Norman’s Principles High Medium Low
Visibility Apparent upon observation.
Constraints Surface not climbable.
Consistency Similar shapes communicate function.
Interactive Component
High Medium Low
Visibility Form implies use, discovery on exploration.
Feedback Audio feedback occurs.
Mapping Positioned according to pitch.
Consistency Consistent indicators for sound.
Affordance Tactile feedback.

The Design of Future Things (D. Norman)

In Readings, Week 3 Readings on February 3, 2010 at 9:04 pm

The design of future things pertains to the importance of having some sort of feedback designed into objects. The design of objects has changed over time; people often opt to create silent devices for elegance or a quiet home or workplace. However, according to Norman, this has led to the development of objects that no longer give us the feedback that old devices used to. For example, a person may miss an elevator because it’s entire operation is quiet, and the old noises and chimes of an arriving elevator were no longer there to cue the individual.

According to Norman, a device must provide feedback, which is essential for reassurance, progress reports and time estimates, learning, special circumstances, confirmation, and governing expectations. For example, when driving a car, the sound of the engine could provide feedback for how many rpm it is running at, or if it is breaking down.

Ultimately, Norman contests that when a user fails at using an object, the object is at fault, not the user. He argues this point with the Apple Newton, a handwriting recognition system in 1993. The system was “released with great fanfare,” but ultimately was difficult to use and failed.

Norman goes on to suggest designs that give feedback to the user that requires almost no thought, or, rather, only natural thought from the user. These include natural signs, such as varying distance between two hands to signal a driver how much space they have between the car and a wall; and natural mappings, such as knobs on a stove in the same shape as the burners (as opposed to in a line).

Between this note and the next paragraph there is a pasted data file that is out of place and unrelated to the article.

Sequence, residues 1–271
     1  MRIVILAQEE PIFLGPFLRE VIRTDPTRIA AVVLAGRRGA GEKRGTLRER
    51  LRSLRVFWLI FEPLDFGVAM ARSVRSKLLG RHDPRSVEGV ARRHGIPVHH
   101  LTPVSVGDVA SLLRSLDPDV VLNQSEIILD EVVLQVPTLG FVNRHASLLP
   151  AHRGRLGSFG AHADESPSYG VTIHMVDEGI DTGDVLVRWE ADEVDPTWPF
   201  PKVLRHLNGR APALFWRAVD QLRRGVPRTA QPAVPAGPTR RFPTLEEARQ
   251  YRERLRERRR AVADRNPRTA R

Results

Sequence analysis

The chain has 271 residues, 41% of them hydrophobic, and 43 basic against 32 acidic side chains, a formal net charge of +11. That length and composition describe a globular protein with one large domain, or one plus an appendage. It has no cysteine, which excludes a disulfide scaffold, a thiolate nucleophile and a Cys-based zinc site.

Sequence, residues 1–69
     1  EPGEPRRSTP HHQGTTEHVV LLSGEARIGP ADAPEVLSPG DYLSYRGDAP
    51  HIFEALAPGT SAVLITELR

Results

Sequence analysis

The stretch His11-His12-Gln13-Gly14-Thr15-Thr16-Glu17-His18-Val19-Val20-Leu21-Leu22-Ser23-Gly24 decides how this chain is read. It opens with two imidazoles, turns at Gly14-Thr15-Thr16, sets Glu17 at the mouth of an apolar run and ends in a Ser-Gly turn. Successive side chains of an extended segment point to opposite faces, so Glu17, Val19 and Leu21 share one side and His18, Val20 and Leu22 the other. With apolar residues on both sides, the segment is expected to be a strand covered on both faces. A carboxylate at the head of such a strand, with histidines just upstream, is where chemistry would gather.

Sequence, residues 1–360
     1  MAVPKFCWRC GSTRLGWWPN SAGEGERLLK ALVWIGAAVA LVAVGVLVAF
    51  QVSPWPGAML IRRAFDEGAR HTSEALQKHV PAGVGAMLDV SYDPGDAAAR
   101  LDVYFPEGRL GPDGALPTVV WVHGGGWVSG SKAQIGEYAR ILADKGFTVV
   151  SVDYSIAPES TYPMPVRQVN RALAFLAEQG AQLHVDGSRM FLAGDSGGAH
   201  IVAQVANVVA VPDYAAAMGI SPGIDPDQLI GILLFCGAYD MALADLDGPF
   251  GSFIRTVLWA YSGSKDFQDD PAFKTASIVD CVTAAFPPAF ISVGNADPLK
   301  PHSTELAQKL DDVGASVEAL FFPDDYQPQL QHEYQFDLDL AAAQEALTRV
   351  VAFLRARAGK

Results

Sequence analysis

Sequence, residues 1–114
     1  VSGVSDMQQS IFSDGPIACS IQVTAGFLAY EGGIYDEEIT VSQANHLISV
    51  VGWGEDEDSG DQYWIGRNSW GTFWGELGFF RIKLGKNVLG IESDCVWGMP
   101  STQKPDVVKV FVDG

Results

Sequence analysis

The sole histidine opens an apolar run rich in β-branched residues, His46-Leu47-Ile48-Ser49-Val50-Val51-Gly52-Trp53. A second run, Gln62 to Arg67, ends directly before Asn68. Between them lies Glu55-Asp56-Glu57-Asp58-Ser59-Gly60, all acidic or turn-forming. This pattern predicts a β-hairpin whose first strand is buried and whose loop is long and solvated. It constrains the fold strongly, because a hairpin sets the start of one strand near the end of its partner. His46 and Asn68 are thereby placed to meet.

Ultimately, Norman suggests that design of “smart” machines should follow six rules:

1. Provide rich, complex, and natural signals.
2. Be predictable.
3. Provide a good conceptual model.
4. Make the output understandable.
5. Provide continual awareness, without annoyance.
6. Exploit natural mappings to make interaction understandable and effective.

In the second portion of the reading, Norman plays the part of one interviewing the machines, and produced the following design rules for “machines to improve their interactions with people”:

1. Keep things simple.
2. Give people a conceptual model.
3. Give reasons.
4. Make people think they are in control.
5. Continually reassure.
6. Never label human behavior as “error”.
(copied from reading)

From “The Design of Future Things”, Ch 8, by D. Norman

Physical Interfaces in Electronic Arts- Bongers

In Readings, Week 2 Readings on January 27, 2010 at 5:40 pm

,In Physical Interfaces in Electronic Arts, Bongers talks about a couple different ways of interaction between electronics and the audience. He speaks more about audio than other systems, but it can be translated to all electronics. Bongers goes on to talk about about three different ways of interactions in music. The first is a system interaction which is a musician playing his instrument. The second interaction is a system-audience which is an installation art. Lastly, we have a performer-system-audience interaction which makes it a two way process between performer and audience, through the system.